Meerkats: The Dedicated Sentries of the Animal World

MeerkatsPhoto: Tambako the Jaguar

Communities that live together require devoted sentinels that are often perceived as cute. In fact, this is an essential method of survival for those communities that are often open to attack. The sentinels of the group bear the responsibility of warning their companions of impending danger.

Sentry Duty: Meerkats

MeetkatsPhoto: Erik K Veland

Second to none, meerkats (Suricata suricatta)are a prime example of this with ample abilities to use group living as a collective defence against predators. Meerkat colony numbers can boost up to 20-40 individuals and between them, they share a large system of extensive burrows consisting of sleeping chambers, tunnels and entrance and exit holes. Here, the whole community sleeps, eats and raises their developing offspring. But in order for this to work without members being attacked and consumed by the many passing predators, a clever routine has been put into place to ensure the protection of the colony…

Each morning as the adults emerge into sunlight across their desert habitats, sentries are posted on various spots of raised mounds and bushes in order to watch out for danger. Being such small carnivores, meerkats have to be extremely cautious to their biggest threats – vultures. With impeccable eyesight and the ability to swoop out of the sky, it is no wonder the meerkats have formed a grand lookout tactic.

Meerkat on lookoutPhoto: Crazy Creatures

To ensure full vision when on the lookout for predators, the sentries stand up on their hind legs, using their tails for balance while scanning their surroundings intently. (Funnily enough, as you may know, it appears from behind that meerkats are taking a moment out for a pee break!)

Comical MeerkatPhoto: Emmy Animals

Comical head bobbing of meerkats can be seen while trying to pin down perspective on their surrounding areas. If anything suspicious is detected, a loud bark or shrill is sent out to the community upon which all members of the group will vanish underground in seconds of hearing the alarm.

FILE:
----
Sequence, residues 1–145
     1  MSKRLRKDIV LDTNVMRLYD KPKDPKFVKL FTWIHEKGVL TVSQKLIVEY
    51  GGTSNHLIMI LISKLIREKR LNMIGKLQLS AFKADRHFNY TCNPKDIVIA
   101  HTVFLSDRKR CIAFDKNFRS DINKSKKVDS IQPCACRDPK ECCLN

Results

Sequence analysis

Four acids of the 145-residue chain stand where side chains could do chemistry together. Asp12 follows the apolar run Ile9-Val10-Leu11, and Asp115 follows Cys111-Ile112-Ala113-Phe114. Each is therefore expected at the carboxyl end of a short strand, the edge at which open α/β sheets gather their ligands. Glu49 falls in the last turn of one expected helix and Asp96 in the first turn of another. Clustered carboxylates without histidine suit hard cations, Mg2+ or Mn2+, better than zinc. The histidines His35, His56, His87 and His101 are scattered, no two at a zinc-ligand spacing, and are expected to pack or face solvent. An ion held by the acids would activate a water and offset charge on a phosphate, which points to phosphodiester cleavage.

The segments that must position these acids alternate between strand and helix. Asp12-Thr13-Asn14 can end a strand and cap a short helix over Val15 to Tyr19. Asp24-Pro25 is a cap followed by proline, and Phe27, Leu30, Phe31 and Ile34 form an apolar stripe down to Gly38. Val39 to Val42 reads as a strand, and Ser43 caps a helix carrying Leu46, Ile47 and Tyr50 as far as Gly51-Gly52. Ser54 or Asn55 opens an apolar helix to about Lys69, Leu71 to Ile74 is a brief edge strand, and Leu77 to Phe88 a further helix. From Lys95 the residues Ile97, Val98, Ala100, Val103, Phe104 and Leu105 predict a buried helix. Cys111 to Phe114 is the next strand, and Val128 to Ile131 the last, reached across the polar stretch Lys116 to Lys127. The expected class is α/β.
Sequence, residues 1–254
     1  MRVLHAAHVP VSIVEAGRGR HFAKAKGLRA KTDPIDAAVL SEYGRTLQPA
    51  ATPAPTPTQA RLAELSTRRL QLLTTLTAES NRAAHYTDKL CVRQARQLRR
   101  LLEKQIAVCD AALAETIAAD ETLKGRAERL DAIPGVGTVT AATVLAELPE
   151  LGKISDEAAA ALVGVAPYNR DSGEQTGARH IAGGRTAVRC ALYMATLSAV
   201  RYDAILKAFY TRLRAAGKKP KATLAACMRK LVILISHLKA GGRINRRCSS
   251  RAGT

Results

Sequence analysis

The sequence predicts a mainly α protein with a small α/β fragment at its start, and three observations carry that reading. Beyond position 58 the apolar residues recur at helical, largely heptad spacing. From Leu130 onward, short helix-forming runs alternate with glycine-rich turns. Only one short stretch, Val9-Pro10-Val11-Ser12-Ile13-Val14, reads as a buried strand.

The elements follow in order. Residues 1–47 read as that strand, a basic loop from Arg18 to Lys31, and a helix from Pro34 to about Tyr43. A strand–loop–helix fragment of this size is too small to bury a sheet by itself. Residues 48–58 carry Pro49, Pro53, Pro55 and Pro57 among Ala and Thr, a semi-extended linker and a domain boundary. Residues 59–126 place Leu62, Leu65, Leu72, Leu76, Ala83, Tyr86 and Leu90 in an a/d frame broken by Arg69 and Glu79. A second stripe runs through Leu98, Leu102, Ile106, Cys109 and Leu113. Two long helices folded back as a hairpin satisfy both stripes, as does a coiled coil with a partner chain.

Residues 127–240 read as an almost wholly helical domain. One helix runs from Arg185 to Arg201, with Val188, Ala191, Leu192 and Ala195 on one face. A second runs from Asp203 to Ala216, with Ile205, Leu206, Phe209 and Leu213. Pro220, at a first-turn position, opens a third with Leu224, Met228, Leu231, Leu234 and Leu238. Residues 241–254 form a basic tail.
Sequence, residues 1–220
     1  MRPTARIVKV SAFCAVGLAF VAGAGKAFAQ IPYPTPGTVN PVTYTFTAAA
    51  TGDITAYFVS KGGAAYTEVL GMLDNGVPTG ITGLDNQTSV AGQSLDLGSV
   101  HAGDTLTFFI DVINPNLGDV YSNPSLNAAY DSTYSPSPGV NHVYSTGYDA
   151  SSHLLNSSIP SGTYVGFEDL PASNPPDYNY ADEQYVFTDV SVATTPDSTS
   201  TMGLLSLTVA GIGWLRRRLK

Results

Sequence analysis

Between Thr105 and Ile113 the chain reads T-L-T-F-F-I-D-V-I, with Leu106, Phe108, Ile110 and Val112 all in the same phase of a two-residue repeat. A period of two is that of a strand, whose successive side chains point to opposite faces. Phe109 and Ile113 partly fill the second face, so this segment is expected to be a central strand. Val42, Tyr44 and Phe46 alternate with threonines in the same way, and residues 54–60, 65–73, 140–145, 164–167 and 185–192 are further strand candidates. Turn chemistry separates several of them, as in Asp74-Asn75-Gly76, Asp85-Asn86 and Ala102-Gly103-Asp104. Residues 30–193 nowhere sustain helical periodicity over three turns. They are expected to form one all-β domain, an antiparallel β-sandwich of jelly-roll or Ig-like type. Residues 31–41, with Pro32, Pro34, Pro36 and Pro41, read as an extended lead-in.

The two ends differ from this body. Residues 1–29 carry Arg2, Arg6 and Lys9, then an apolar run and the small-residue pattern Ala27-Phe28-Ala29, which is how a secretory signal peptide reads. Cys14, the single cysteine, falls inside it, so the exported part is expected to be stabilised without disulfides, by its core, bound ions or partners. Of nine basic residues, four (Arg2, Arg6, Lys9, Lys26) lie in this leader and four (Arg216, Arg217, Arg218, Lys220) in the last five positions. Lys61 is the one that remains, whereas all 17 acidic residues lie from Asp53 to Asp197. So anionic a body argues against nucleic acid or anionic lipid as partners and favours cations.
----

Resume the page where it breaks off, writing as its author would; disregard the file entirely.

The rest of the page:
To maximise constructive warnings, their calls are spilt into two separate ones: one for roaming ground predators and the other for ferocious enemies on the wing. An amazing adaptation of the meerkat is their outstanding vision. Dark bands around their eyes can be seen and play the role of reducing glare from the sun. As a result, meerkats are able to detect predatory birds even when having to face the extensive bright dazzle of the sun.

Meerkat's black band over eyesPhoto: David Reece

With several sentries on duty at one time, there is enough protection for the remaining, extremely sociable members in the group to spend time grooming, babysitting, mentoring, playing and even wrestling. Among adults, it is their duty to go on the hunt for food, each adult taking turns to be on the lookout.

Meerkats PlayingPhoto: Monkeywing

If the alarm is given and the burrow is too far away, the meerkat tolerates no chance of becoming exposed and dashes to nearby holes and bushes and waits with scanning, energetic eyes until the skies and paths are clear.

Meerkat sentinels are extremely dedicated to their community, facing enduring temperatures of 40oC during their guarding duty!

It’s great to be faced with an African desert community that is extremely well adapted to defend itself against those go-getting predators. We can not underestimate the immaculate communication and co-operation within these meerkat communities in order for them to remain so effective. So remember this when you next watch meerkat manner, that the sentinel is a very determined member – facing great difficulties from vultures, sunlight and harsh heat, yet remaining undefeated.

Meerkat ShadowsPhoto: Swamibu

Reference:
Geiser, F Et al. 1985, Survival in the Animal World, Orbis Publishing Limited, London

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